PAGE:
Mum Gives Birth After Seven IVF Attempts Thanks To 2p Aspirin

07/11/2014 13:07 | Updated 20 May 2015

Recurrent miscarriage: Hughes Syndrome

A mum has had a healthy baby boy after seven failed IVF attempts thanks to taking a 2p aspirin every day.

Sarah and Chris Broadfield spent seven years and £15,000 trying to start a family, but suffered heartbreak after heartbreak, including two miscarriages.

Doctors eventually found out Sarah, 34, had antiphospholipid syndrome (AS) - a disorder of the immune system which causes an increased risk of blood clots, which is also known as Hughes syndrome.

So when she became pregnant again, she was prescribed daily aspirin to thin her blood – and it worked.

Nine months later, the couple's son Alfie was born in August 2014, weighing a healthy 8lb.

Sarah, from Warrington, Cheshire, said: "Finally holding Alfie in my arms after everything we've been through was the best moment of my life - and it's all thanks to me taking an aspirin a day."

People with AS are at risk of developing deep vein thrombosis and artery clots, but the condition is particularly dangerous to pregnant women as it can lead to miscarriages.

It's estimated that AS is responsible for one in six cases of multiple miscarriages, as well as one in six cases of deep vein thrombosis.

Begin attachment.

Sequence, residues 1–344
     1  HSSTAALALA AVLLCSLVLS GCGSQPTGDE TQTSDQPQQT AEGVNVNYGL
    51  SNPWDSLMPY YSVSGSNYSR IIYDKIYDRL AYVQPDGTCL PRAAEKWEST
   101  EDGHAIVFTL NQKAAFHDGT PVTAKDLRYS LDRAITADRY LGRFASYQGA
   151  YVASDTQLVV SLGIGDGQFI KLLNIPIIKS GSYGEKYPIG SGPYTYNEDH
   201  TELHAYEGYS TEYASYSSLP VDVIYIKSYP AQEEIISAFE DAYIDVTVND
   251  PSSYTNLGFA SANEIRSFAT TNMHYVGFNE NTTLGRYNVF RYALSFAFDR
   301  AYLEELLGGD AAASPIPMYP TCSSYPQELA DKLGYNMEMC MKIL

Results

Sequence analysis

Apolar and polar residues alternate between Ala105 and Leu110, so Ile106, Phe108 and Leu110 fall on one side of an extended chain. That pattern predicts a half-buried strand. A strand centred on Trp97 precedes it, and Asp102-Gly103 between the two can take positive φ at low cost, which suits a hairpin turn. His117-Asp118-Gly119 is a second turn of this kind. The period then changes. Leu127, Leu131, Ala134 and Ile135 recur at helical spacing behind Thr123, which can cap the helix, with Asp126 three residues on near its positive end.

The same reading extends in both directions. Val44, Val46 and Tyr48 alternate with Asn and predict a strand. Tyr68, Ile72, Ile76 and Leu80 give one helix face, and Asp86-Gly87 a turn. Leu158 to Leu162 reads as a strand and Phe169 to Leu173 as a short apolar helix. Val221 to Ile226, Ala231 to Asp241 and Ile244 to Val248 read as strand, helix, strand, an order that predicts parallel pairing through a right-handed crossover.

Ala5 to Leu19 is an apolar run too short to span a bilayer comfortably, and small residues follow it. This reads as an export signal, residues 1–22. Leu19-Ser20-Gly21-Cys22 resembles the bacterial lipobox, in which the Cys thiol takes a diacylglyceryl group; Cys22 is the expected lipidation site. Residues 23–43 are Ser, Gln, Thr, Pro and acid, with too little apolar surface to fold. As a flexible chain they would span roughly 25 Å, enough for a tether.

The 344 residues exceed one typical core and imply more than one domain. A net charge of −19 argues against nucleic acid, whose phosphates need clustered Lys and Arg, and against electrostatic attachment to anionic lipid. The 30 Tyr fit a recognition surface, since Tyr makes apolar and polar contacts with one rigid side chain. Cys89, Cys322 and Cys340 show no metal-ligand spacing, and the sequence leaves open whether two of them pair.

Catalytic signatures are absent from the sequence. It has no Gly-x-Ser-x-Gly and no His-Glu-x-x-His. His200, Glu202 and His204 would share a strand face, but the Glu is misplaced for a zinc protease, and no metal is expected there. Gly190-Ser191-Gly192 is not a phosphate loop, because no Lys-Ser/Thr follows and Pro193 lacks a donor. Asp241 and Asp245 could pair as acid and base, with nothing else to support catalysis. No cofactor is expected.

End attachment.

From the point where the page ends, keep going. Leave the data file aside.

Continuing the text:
For Sarah, the condition didn't explain why she hadn't fallen pregnant naturally but did explain why she'd miscarried twice.

She said: "It was such a relief to know what was wrong and the solution seemed impossibly simple."

Doctors advised Sarah that taking aspirin daily throughout her pregnancy would thin her blood and dramatically reduce the risk of her miscarrying for a third time.

So Sarah and Chris, 36, tried a final round of IVF and two eggs from previous attempts were implanted in Sarah's womb.

Weeks later, Sarah fell pregnant with twins and started her 'aspirin therapy', as well as having an anti-clotting injection daily, throughout the pregnancy.

Sadly, at the six week scan, the couple were told that one of the foetuses had died.

But, despite their disappointment, the couple were relieved to be told the second baby was developing normally.

Then, at 38 weeks – because of the risk of stillbirth – Sarah was induced and baby Alfie was born on August 1, 2014.

Sarah recalled: "Just after he was born, he went quiet and I panicked. Then we heard him cry and it was the best moment ever.

"Holding him in my arms, it felt so surreal, as we'd waited so long to meet him."

Alfie is now at home and is thriving.

Sarah said: "If only I'd known that taking one aspirin a day could help me so much.

"It would have saved us a lot of heartache. I wanted to speak out to hopefully help any other women who might have this condition without knowing it.

"For us, the aspirin was modern day magic and we always keep a box in our cupboard now, just in case."

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